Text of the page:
Sermon preached at Mattins on 9th October 2016 by the Revd. Canon Tricia Hillas, Pastor

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Sermon preached at Mattins on 9th October 2016 by the Revd. Canon Tricia Hillas, Pastor

'I cannot fathom out why we can’t see each other as human beings. If we are cut, we all bleed the same.’

There is an urgency in our gospel reading – don’t wait, don’t leave it too late…until all is barred and locked up for the night – it will be no use then standing outside, knocking and claiming all kinds of familiarity with the householder.

The time is now.

About 80 years ago – on 4th October 1936 not far from here in London’s East End– in what has become known as ‘The Battle of Cable Street’ thousands of people came together, realising that the time was at hand –they had to act.

It was 1936 and Hitler’s Nazis were gathering strength across Europe. In Spain the civil war between Republicans and Franco’s Nationalists-aided by Hitler and Mussolini- had just begun. Here in the UK Sir Oswald Mosley’s black-shirted British Union of Fascists was seeking to stir up anti-Jewish hatred among working class Londoners.

In 1936 the population around Cable Street was more than 50% Jewish and Mosley announced that his anti-Jewish forces would march through the East End of London.

And what happened next has gone down in the history of the East End and far beyond.

Days of frantic preparation led to, some say 100,000, others 300,000, people turning out to block the march of the fascists. They gathered in Cable Street.

Bill Fishman was there that day:

‘We all charged towards Cable Street. At the bottom end an overturned lorry was used as a barricade and we blocked the road – Hasidic Jews with little beards and great strapping Irish dockers, all standing together’.

The crowds shouted the slogan ‘They shall not pass’.

In our reading from Isaiah the words of a servant of the Lord pour out:

‘The Lord helps me…therefore I have set my face like flint…he who vindicates me is near… who will contend with me? Let us stand up together.’

In Cable Street, despite the best efforts of the police to clear a path for the procession, the people stood resolute. Left with little other choice Mosley conceded defeat and disbanded his followers.

Today at 12 noon a march will wend its way through the East End of London once again. It will end in Cable Street marking this 80th anniversary when ordinary people took a stand against hate. It will end at Cable Street but it will begin at a local park named after Altab Ali. Ali was a Bangladeshi man who in 1978 was set upon and murdered in racist attack in gardens attached to St Mary’s Churchyard in Whitechapel.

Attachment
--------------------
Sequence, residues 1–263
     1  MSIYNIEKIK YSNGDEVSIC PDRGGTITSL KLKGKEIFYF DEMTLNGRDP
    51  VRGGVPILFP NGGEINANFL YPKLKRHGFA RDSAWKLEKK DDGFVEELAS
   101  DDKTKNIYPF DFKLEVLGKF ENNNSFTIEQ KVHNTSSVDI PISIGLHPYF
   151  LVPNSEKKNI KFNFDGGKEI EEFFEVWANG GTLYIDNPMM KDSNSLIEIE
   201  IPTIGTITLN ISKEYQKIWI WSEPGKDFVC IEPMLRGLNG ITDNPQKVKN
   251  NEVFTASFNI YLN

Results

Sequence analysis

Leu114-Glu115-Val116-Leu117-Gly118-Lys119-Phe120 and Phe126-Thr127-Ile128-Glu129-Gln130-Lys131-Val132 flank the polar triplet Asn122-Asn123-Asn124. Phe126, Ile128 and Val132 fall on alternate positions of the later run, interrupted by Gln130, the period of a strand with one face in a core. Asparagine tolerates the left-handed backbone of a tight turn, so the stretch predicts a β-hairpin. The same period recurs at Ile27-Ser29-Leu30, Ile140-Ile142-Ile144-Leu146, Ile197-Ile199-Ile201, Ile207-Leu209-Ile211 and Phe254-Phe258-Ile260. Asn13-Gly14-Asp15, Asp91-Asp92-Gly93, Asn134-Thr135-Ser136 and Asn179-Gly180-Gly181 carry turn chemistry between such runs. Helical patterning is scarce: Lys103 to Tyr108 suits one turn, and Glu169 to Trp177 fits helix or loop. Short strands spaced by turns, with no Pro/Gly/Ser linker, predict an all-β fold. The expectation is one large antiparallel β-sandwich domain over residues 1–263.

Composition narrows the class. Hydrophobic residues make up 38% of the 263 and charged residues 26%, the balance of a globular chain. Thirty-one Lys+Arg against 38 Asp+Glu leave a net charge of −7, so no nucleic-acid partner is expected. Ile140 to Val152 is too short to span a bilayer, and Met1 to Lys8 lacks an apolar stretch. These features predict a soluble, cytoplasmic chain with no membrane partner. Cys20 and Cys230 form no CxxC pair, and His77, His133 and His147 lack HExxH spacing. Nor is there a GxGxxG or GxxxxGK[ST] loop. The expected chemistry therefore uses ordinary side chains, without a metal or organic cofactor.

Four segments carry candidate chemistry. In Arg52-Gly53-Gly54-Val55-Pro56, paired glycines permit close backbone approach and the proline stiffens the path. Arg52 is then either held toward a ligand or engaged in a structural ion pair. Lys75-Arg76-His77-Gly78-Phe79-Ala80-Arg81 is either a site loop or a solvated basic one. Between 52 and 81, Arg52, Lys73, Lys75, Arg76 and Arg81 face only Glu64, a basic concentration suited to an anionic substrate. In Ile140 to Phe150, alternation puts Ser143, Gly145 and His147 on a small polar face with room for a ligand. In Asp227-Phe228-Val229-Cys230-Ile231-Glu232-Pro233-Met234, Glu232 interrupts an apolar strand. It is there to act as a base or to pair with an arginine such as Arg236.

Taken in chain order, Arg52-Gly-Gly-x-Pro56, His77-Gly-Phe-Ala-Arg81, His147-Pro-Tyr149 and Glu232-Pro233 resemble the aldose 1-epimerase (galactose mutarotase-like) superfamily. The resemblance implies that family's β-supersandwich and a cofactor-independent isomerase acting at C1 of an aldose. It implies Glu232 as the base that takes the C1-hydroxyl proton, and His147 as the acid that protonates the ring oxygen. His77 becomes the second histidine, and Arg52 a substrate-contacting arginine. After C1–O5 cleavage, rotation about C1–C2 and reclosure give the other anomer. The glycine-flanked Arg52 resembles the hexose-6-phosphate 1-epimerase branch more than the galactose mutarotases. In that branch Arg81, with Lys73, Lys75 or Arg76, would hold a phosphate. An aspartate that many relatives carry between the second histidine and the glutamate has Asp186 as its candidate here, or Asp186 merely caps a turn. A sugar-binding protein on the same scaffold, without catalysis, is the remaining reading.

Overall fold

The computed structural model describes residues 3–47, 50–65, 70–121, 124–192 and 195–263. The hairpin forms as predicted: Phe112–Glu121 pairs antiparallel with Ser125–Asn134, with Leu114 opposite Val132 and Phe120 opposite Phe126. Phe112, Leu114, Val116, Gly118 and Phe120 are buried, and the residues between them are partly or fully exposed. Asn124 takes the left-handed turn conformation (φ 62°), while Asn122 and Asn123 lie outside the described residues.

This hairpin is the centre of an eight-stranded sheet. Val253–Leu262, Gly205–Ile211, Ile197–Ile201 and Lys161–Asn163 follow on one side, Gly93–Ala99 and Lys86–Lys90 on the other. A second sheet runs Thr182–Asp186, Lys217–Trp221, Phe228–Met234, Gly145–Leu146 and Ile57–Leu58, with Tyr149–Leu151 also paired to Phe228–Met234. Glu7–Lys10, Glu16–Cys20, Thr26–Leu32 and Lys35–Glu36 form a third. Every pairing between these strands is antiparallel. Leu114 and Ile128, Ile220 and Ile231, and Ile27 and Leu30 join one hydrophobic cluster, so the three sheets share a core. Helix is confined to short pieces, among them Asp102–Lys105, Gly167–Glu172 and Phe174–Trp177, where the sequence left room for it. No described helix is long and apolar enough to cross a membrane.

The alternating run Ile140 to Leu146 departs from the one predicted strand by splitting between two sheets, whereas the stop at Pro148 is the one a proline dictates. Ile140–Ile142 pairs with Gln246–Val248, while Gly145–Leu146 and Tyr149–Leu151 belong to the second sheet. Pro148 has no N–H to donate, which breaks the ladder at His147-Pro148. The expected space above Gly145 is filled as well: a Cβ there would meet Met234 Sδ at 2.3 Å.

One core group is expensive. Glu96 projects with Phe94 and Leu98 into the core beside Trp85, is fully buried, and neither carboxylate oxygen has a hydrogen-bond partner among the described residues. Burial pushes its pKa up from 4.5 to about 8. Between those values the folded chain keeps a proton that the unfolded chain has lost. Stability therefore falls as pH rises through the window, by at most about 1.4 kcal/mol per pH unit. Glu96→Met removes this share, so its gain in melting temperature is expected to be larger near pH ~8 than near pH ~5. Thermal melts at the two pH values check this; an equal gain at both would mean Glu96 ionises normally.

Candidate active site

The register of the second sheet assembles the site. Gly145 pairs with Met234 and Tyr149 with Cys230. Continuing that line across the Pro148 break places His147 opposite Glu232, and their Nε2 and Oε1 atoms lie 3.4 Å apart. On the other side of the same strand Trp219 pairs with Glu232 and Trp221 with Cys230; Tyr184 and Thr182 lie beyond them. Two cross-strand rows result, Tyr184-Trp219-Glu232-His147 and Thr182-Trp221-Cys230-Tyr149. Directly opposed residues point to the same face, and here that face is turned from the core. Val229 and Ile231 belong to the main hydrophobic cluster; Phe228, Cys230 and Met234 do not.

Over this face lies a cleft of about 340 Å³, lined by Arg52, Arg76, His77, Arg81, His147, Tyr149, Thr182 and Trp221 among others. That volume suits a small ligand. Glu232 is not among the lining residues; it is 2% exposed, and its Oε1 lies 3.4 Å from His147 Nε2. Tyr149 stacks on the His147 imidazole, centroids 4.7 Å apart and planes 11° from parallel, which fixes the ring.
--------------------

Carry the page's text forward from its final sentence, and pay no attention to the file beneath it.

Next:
Yesterday, a candle was lit here in this Cathedral at a gathering to mark the Beginning of Hate Crime Awareness Week, remembering all victims of Hate crimes and especially the 49 people whose lives were stolen in the shooting at the Pulse Night Club, Orlando.

80 years on from the events of Cable Street the issues faced that day have not gone away. Racism and other forms of hatred would still seek to have their way.

Many of us today, as we hear the words of Isaiah:

‘I gave my back to those who struck me…I did not hide my face from insult and spitting’

will be taken to a vision of the Man of Sorrows whose name we bear if we call ourselves Christians.

The man who beaten and bruised walked a winding way to another battle against the powers of evil and hatred, determined, unrelenting.

‘The Lord helps me, therefore I have not been disgraced...therefore I have set my face like flint’ says the servant in Isaiah. And so Jesus walked towards the cross, bloodied.

And we? Dare we accompany him?

Each time we stand against hatred and choose hope; each time we walk with those who are victims of hate?

Or do we leave him to walk alone?

Let the final words go to Willie Myers who was in Cable Street 80 years ago, then a young Jewish boy of 15. Speaking recently he said:

‘I remember the day so vividly. Even today, if I had to do it all over again I would.                              We haven’t learned the lessons of the past. Prejudice is still directed against Jews, but it’s even worse towards Muslims. When I hear of Muslims or Polish people being attacked today, I feel angry. I cannot fathom out why we can’t see each other as human beings.                             If we are cut, we all bleed the same.’

Let us pray:

Compassionate and resolute God, we understand that we are called to struggle not merely against flesh and blood but against powers and principalities – those institutions and systems that keep hatred alive.

Create in us a new mind and heart. Rid us of the fear and the stereotypes which keep us, your children apart.

Help us to create a Church and a community that embraces the hopes and fears of the oppressed and all victims of hate.

Heal your family God, and make us one with you, in union with our brother Jesus.

Amen.